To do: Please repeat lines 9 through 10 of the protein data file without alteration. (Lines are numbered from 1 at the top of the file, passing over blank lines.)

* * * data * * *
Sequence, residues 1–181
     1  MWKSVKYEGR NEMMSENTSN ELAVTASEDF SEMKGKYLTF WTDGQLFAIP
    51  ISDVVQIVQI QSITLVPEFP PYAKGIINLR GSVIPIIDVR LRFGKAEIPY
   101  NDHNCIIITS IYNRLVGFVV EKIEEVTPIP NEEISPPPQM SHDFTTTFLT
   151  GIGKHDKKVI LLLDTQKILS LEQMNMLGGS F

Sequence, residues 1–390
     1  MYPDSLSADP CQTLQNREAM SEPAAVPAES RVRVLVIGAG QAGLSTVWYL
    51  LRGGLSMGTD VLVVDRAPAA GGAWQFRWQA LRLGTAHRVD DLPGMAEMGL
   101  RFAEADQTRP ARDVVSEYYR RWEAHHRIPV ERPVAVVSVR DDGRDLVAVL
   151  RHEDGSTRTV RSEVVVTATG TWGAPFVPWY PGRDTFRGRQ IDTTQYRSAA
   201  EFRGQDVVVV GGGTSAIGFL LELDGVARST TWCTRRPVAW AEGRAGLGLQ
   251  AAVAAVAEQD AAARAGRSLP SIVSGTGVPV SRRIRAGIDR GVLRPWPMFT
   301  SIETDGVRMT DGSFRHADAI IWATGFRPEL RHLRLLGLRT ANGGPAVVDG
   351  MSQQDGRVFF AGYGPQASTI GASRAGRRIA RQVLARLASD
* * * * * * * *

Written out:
   101  RFAEADQTRP ARDVVSEYYR RWEAHHRIPV ERPVAVVSVR DDGRDLVAVL
   151  RHEDGSTRTV RSEVVVTATG TWGAPFVPWY PGRDTFRGRQ IDTTQYRSAA